PESHAWAR, Oct 30: The Hindu community celebrated Diwali with religious fervour in a temple at the historical Gor Khutthri in the provincial metropolis.

Women and children kept coming in droves to the temple, which was reopened for worship after ten years, but absence of the officials of religious and minority ministry was felt on the occasion.

However, Kamla Rani, granddaughter of a cleric of the temple, was grateful to the government for reopening it for the worshippers.

“I am very happy that my mother, though very old, fought legal battle to reopen this temple for Hindu worshippers,” she said.

She is daughter of Phool Wati, who filed an application with the Peshawar High Court to reopen the temple for worship. She was celebrating the religious festival at the temple with her family.

Ms Rani said that she had good relations with the Hindus, Sikhs, Christians and Muslims in the neighbourhood. “I don't feel that I am different form others living in Peshawar city,” she added.

She said that the temple was reopened for worship owing to joint efforts of the Hindu community. “You can't imagine how happy we feel today,” she said.

Ms Rani said that Diwali was celebrated in memory of the homecoming of Hindo god Ram after 14 years of exile.

Prof S.M. Jaffar writes in his book “Peshawar: Past and Present” that this temple was identified as place of Hindu pilgrimages where they performed the Sardukahr ritual (shaving off heads).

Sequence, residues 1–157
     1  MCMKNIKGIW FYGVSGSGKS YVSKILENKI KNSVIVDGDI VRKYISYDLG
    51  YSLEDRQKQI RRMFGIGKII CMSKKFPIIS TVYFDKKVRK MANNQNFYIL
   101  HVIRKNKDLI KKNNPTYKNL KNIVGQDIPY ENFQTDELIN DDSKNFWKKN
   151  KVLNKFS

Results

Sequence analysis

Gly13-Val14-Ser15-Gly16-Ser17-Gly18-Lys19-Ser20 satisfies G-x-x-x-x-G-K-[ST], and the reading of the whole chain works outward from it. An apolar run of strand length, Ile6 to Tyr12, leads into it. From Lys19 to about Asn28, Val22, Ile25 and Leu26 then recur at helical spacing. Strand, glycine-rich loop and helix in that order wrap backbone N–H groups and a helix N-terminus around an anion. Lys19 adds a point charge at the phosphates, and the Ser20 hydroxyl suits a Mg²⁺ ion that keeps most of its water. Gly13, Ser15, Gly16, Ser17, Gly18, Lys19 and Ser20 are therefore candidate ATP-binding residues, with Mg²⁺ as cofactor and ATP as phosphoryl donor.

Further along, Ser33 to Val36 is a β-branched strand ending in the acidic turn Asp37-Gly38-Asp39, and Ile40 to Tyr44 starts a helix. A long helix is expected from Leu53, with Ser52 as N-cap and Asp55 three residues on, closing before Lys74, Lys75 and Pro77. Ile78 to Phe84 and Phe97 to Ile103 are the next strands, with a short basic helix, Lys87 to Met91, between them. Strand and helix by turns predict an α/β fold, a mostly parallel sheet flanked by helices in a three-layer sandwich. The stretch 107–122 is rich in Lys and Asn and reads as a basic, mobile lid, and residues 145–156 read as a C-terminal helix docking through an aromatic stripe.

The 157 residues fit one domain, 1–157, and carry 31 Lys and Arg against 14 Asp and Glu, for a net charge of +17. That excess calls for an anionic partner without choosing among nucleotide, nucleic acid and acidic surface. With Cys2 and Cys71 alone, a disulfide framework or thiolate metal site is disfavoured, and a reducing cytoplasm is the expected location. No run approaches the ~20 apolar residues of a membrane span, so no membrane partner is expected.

Pervez Iqbal, attorney of Phool Wati, said that in 1996 the temple was taken from the Hindu community and when they got control of it in 2001, it was occupied again and they were not allowed to hold religious activities there for about 10 years.

“We have been given the keys of the temple today only for holding this religious event. No we have to return the keys. We are hurt to hear this,” he added.

It is pertinent to mention here that Peshawar High Court ordered reopening of temple for worship only and the archaeology department holds control of this archaeological monument.

Laajwanti, a former councillor from Nowshera, was also happy to once again pray and celebrate Diwali in the temple. She said that there was a small temple in Nowshera. “There is shortage of places of our worship,” she added.

The buildings that were left by the Hindus at the time of partition were taken by the Auqaaf department and were given on lease. “We should be given back our buildings. We should be given shelter and religious freedom,” she said.

Carefree children and youth wearing colourful clothes seemed to be enjoying the gathering. Children played with crackers and youth sang Bhajans and danced to musical beats.



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